Ferdinand Magellan

Ferdinand Magellan: Defying all Odds in a Voyage around the World

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The historical figure Ferdinand Magellan was a Portuguese explorer who remains famous for the first circumnavigation of the earth, proving that the earth is round. However, the voyage was dogged by misfortune, storms and mutinies, and Magellan himself did not actually complete the trip.

In 1453, the death knell was sounded for the aging Byzantine Empire when its capital, Constantinople, fell to the Ottoman Turks under Mehmet II. One of the consequences of the rise of the Ottoman Empire was that European overland trade to Asia was now limited. Moreover, the exotic goods of the East were monopolized by Arab merchants, and were sold at extremely high prices to the Europeans. This contributed to the European Age of Discovery, as one of the goals of maritime exploration was the finding of an alternative route to the East.

In 1488, the Portuguese explorer Bartolomeu Diaz succeeded in reaching the Indian Ocean from the Atlantic by sailing around the southern tip of Africa. 10 years later, his compatriot Vasco da Gama followed Diaz’s route, and arrived in India.

Apart from the Portuguese, the Spanish also began exploring the oceans. Christopher Columbus, an Italian explorer serving the Spanish crown, believed that the East could be reached by sailing westwards. Although Columbus eventually ‘discovered’ the New World – in actual fact, other foreigners had been there before him – he insisted that it was part of the Asian continent. Columbus’ idea that the East could be reached by sailing west seemed far-fetched to many of his contemporaries. Yet, there were also those who were inspired by this outrageous notion. One of them was the Portuguese explorer Ferdinand Magellan, who made an attempt to reach Asia by sailing west 13 years after Columbus’ death.


Portrait of Ferdinand Magellan

Portrait of Ferdinand Magellan. Public Domain

Initially, Magellan served under the Portuguese crown. Later, however, he left Portugal and headed for Spain. On March 22, 1519, Magellan managed to convince the Spanish king Charles I to support his voyage to the Spice Islands. Magellan was provided with five ships for his voyage – the Trinidad, San Antonio , Conception, Victoria and Santiago . In addition, Magellan was also promised a fifth of the profits acquired through their looting and pillaging along the way.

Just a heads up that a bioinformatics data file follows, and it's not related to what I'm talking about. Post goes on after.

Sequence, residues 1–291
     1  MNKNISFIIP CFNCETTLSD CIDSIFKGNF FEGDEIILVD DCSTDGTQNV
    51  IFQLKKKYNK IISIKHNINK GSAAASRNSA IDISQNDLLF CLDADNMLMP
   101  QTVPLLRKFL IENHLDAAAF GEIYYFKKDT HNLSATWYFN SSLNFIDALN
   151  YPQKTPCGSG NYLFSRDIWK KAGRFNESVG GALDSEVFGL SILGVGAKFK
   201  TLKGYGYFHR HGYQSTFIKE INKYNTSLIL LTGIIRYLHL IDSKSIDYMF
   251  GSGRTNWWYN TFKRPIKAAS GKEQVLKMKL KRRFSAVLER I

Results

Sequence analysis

Nao Victoria, Magellan's boat replica in Punta Arenas, Chile.

Nao Victoria, Magellan's boat replica in Punta Arenas, Chile. Wikimedia Commons

According to the records written by Antonio Pigafetta, Magellan began his journey from Seville on August 10 of the same year. It was only later in September, however, that Magellan sailed from Sanlúcar de Barrameda, Spain, and entered the Atlantic. From there, Magellan set sail to Brazil, then a Portuguese colony, and entered the Rio de Janeiro (a river, not the city founded in 1565) on December 13. They stayed there until December 26 before setting sail again. From Brazil, Magellan and his men sailed southwards along the South American coast in search of the fabled passage that would lead them into Asia.

Portrait traditionally associated with Antonio Pigafetta

Portrait traditionally associated with Antonio Pigafetta. Public Domain

In March 1520, Magellan was forced to anchor for the winter at Port San Julian, off the coast of Patagonia in southern Argentina for the winter. During this time, a mutiny broke out, but Magellan managed to quell it by executing a mutinous captain, and leaving another mutinous captain behind. Around the same time, the Santiago was sent to scout the route ahead, though it was shipwrecked by a storm. The surviving crewmembers were rescued, and assigned to the remaining ships. Five months after anchoring at Port San Julian, Magellan continued his journey.

On October 21, 1520, the passage to the East was finally found, and it took Magellan 38 days to navigate this body of water before exiting the Atlantic, and entering the Pacific. During the early days of navigating this strait, the crew of the San Antonio forced its captain to abandon the expedition, and fled back to Spain.

Initially, the passage was named the Strait of All Saints, as Magellan’s ships entered the strait on November 1, observed as “All Saints’ Day” in the Christian religion. Not long after, the passage was given its present name, the Strait of Magellan, in honor of the man who discovered it.

Map showing the Strait of Magellan.

Map showing the Strait of Magellan. Public Domain

During the next leg of the journey, Magellan reached the Pacific island of Guam, where he replenished his food supplies. Magellan then landed in the Philippines, where he met his death at the Battle of Mactan on April 21, 1521. Lapu-Lapu, a chief on the island of Mactan in the Philippines, is credited with resisting and defeating the invaders.


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